Everyone should be using sunscreen, every day. Do you struggle with being outside? Does fear keep you from living in the moment? How many of your friends go with the belief that skin cancer won’t happen to them?

#EverydayisaSUNday

Recently handed an ad from the American Society for Dermatlogic Surgery, I was reminded just how much sunscreen matters. While I don’t know the ASDS personally,  promotion of sun safety is so important and I was pleased to see their reminder.

The sun is with us every day. Every, every, every day! With gray and dreary weather that solar reach is coming down to earth. Late in the day sunset viewing those rays are streaming at you. Middle of a cold winter day out snowshoeing that reflection off the snow is…well, a killer actually.

Skin cancer can make one very sun shy.  Don’t let melanoma and other skin cancers push you into the corner. You don’t need to live life in the dark either. Create sun-safe habits and have the courage to get out there and live your life! Wear sunscreen, clothing, and bring along your umbrella.

Favor a Flavor?

Oh, the options! My grandgirl and I have a few favorites at the top of our list though we love it all! Sugar cone and the very smallest size, because in America smallest still is a super size! Creamees just don’t cut it for us and we skip the condiments like sprinkles. It’s really about going out for an ice cream…together! Let’s talk ice cream..what’s your scoop?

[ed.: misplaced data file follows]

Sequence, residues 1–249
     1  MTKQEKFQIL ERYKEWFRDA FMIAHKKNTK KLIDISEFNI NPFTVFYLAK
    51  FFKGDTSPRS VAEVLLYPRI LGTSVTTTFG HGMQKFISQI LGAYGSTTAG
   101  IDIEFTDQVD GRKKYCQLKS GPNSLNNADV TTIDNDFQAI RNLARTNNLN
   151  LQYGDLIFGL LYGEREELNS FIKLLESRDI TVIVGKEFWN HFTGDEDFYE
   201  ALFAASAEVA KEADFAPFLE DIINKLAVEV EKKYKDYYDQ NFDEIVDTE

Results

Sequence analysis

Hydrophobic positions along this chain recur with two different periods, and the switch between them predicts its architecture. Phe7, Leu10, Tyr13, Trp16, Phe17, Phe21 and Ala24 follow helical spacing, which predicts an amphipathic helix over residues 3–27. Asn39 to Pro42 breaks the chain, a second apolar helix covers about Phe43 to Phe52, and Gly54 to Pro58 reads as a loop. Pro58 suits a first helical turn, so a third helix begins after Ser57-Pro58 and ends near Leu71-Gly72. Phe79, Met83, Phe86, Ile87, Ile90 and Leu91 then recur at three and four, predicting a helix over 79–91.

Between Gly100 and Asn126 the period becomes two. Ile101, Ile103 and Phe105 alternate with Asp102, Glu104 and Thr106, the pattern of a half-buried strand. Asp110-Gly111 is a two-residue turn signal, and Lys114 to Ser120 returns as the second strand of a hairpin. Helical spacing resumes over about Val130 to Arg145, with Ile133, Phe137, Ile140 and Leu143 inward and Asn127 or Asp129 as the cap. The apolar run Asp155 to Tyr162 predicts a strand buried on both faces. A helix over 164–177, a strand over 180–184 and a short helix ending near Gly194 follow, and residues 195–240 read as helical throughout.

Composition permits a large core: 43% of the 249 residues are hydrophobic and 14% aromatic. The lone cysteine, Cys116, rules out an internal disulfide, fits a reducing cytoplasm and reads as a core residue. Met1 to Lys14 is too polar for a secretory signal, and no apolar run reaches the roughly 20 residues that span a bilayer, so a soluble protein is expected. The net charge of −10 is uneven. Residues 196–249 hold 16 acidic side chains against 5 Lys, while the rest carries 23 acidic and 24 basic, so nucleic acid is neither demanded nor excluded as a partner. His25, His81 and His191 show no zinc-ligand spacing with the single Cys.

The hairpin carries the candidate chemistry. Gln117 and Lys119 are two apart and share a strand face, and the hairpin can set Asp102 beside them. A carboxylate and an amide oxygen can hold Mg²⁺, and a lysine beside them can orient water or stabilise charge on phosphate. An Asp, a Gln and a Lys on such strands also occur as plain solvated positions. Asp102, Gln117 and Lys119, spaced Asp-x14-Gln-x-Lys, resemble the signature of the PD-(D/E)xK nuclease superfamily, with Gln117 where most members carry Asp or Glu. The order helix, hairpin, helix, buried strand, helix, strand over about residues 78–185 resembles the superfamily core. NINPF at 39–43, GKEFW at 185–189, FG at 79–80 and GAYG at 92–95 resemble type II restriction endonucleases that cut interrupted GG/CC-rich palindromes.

And hey, did you see this?  U.S News has a listing of some free and discounted options for National Ice Cream Day. I think I might just google some ice cream shoppes local to me and get this mission going! I mean, National Ice Cream Day may be a gimmick and come only one day a year, but hey, why not? (I’ll write about sunscreen “flavors” another day).

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None of us knows what lies ahead in life (except death). Gather up that weary immunotherapy body or whatever your cancer is giving you today. Go out for National Ice Cream Day this Sunday.  Take a hike. Swim in the ocean. Mindfulness of sun days matters as does mindfulness of each and every day.  This day is the one that you have so put on your sunscreen and lather up with hope.

#EverydayisaSUNday #Nationalicecreamday #takeahike #melanomatheskin #melanoma #sunsmarts #favoriteflavor

We can-cer vive!

Janis

Seeing Spots

In the Beginning

Start, stop, start, stop. I began this blog post two months ago and basically, haven’t been able to get past the title. Melanoma is a game changer for sure. All types of skin cancer are formidable foes, and how do you do skin checks without letting it rule your life and your mind? I’m delving in to a bit of my cancer history here…the beginning and a tougher place to bring myself than I realized.

My first diagnosis was in 2015, after noticing and watching an area on my left cheek for a few months. It didn’t look particularly “stand-out, hey I’m different” and comparing my spot with online photos, well, don’t bother is my advice. Use your sunsmarts and get screened for anything worrisome; digital diagnosis is virtual, not real.

Another day, I’ll talk more about surgeries, treatments, radiation, clinical trials, and all that “fun” that is how we live now.  Today’s blog is about looking for unusual spots. That little area on my cheek wasn’t all that different than all the other spots. I mean, we all have our spots, right?